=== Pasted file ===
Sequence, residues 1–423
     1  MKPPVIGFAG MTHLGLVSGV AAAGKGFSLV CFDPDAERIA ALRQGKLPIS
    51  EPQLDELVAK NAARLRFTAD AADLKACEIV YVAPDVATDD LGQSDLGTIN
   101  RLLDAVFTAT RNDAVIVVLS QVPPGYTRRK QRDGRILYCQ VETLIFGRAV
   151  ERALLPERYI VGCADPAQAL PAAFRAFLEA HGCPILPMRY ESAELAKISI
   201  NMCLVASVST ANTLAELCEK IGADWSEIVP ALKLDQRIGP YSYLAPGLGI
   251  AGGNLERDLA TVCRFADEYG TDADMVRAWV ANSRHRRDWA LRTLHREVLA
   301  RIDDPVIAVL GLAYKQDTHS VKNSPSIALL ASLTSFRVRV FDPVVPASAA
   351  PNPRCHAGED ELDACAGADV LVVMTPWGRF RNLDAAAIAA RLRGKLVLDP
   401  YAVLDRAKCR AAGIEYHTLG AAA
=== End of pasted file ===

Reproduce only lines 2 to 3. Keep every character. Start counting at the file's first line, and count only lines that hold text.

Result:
     1  MKPPVIGFAG MTHLGLVSGV AAAGKGFSLV CFDPDAERIA ALRQGKLPIS
    51  EPQLDELVAK NAARLRFTAD AADLKACEIV YVAPDVATDD LGQSDLGTIN